In honor of October and Halloween and all things spooky, I bring to you a wonderfully creepy poem from my travels. Some of you may know that I speak Spanish – not fluently, but well enough to get by. I actually did a few months study abroad in Spain when I was younger. Travel and languages are still something I find fascinating.
My favorite part of the Spanish language is the poetry. I took classes from a wonderful man who has since gone on to wherever such wonderful people go when they die, and he loved Spanish poetry. His favorite poet, however, was Federico García Lorca. Lorca was a young man and a prolific poet and screenwriter who was murdered by the franquistas during the Spanish Civl War for his politics and his sexuality. He actually studied in New York City for a while himself, prior to his death, and wrote a series of poems that touched on the subjugation of Black Americans. He idolized Walt Whitman, one of my favorite American poets, and created beautiful words. One of his most famous poems is called ‘El romance sonámbulo’. You can find a very loose translation, as well as the original text, here. Read it. Come back. Tell me that isn’t creepy and I’ll call you a liar.
Vamos hablar un poco de español ahorita. I promise to translate the important parts.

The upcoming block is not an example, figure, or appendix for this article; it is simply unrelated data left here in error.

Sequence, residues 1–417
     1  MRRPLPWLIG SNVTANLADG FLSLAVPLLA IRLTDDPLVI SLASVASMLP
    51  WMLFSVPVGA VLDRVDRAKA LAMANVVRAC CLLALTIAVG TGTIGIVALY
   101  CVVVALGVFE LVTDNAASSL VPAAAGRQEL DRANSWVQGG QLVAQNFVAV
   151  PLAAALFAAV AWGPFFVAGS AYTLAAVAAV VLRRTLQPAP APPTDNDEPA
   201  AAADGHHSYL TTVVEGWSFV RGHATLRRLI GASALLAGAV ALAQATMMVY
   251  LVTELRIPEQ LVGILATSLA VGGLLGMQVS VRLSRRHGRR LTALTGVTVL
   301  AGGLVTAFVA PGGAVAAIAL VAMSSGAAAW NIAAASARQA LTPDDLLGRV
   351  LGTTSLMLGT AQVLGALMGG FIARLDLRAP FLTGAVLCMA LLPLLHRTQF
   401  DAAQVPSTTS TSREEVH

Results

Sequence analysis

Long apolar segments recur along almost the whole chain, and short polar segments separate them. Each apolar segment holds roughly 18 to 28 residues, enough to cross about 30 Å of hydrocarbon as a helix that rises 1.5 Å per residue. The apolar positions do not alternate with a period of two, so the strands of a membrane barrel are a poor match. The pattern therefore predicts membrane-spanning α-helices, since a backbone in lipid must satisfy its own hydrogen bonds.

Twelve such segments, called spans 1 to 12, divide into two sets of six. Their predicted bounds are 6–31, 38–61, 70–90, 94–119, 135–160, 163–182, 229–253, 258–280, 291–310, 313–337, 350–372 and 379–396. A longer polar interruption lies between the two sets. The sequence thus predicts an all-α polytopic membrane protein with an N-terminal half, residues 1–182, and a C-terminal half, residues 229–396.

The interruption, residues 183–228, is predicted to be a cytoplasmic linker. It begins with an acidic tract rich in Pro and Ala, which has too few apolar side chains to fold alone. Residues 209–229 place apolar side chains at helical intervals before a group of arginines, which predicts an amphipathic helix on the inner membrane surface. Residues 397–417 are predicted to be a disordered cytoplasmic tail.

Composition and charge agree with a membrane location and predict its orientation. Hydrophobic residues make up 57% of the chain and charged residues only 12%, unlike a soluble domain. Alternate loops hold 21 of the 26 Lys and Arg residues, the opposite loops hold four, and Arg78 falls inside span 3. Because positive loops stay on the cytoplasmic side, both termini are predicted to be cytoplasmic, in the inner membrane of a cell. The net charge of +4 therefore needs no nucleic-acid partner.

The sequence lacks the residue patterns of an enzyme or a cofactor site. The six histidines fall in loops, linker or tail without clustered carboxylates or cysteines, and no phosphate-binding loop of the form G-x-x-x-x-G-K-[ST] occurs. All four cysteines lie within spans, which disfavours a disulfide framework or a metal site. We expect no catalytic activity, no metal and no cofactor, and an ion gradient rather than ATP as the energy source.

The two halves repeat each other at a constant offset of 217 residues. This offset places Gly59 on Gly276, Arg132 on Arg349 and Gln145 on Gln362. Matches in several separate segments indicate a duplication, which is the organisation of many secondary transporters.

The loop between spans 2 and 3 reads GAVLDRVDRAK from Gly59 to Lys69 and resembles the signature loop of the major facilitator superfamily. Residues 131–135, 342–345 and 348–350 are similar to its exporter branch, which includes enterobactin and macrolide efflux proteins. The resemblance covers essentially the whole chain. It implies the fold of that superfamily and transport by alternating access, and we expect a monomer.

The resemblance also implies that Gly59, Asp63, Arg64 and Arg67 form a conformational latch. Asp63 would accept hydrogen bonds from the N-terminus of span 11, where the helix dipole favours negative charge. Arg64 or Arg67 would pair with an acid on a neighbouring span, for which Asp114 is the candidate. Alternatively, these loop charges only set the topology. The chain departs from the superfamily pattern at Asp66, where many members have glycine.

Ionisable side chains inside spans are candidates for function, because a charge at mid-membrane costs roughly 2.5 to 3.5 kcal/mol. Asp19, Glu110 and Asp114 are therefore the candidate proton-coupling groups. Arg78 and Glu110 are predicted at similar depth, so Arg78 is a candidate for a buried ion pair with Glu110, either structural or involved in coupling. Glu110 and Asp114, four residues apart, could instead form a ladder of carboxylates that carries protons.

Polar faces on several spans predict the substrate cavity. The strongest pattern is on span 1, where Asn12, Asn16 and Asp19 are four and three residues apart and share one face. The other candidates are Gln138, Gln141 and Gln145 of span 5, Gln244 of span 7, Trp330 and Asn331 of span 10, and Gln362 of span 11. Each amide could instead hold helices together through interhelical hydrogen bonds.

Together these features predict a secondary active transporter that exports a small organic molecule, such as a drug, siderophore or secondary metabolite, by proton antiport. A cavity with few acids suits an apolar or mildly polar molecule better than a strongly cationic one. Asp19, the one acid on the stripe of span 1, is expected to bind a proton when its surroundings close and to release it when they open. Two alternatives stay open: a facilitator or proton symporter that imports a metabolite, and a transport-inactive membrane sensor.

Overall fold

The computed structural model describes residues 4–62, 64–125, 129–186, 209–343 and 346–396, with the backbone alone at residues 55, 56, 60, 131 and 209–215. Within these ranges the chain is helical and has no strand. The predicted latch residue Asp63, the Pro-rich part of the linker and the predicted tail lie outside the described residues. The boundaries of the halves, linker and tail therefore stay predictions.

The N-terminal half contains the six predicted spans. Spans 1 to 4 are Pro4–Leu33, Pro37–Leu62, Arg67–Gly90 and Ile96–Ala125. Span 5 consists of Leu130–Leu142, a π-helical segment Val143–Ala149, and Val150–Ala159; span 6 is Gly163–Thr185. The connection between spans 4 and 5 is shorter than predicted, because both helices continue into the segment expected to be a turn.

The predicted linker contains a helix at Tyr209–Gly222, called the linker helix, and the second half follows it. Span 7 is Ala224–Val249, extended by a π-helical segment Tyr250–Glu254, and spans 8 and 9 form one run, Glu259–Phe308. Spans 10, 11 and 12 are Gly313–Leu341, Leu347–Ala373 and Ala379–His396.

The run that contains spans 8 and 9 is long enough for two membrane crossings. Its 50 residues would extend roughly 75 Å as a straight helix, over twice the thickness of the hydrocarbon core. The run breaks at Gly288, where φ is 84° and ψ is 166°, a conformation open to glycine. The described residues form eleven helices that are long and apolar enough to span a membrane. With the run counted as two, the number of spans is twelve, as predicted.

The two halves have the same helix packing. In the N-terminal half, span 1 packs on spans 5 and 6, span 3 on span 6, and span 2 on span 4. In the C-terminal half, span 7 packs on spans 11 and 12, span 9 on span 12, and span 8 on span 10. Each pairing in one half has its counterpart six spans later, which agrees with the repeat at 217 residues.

In the poem, we see a phrase repeated over and over. Verde, que te quiero verde. It sounds ungainly in English. Green, how I want you (how I love you) green. Green is a color of growing things, but Lorca doesn’t use it that way. Perhaps, in Spain, green is not so positive and common a color. I know when I was there that the landscapes tended to be far less vibrant with green colors than they do on the east coast of the United States. Even in spring, the colors are oranges and blues and whites, with green overbalanced by them. Another poet, Neruda, who is more famous than Lorca amongst English speakers, describes the landscape around Madrid as “Castille’s dry face: a leather ocean” in ‘Explico algunas cosas’. Federico is in that poem, already dead. They were contemporaries, you see.
So yes, green might have another meaning to a Spaniard and it certainly is used differently by Lorca. Verde viento, verdes ramas. This landscape is green not because of growing things under bright light, but for another reason. It is night. It is dark. This world is haunted.
Verde carne, pelo verde. This dreaming woman with flesh green in the night and silver, silver eyes. Eyes white with death. This is a ghost story about love lost.
The story Lorca tells is not so unusual. Star-crossed lovers feature often in our stories, after all. Romeo and Juliet are the most famous, but songs of lovers separated by death – Anachie Gordon, Standing Stones of the Orkney Isles, Annan Waters, to name a few – feature in so many cultures. It is perhaps the saddest story of all, to find love and lose it so young. To lose love, and so lose the will to live. When Lorca wrote this story, he wrote a romance, which is a ballad, a story set to song. If Halloween is about telling fearful stories, what more fearful one can there be for a person in love than to arrive at your lover’s house, mortally wounded, to climb the stairs to see her one last time – and find only a corpse, swinging on a silver rope.
Be safe this October, my dears. Shiver beneath blankets, in the light of your candles. Hold your loved ones close. Listen to the green wind blow outside your window, and think of the bitter girl who went to join her lover in death, only to find that she had left him behind.
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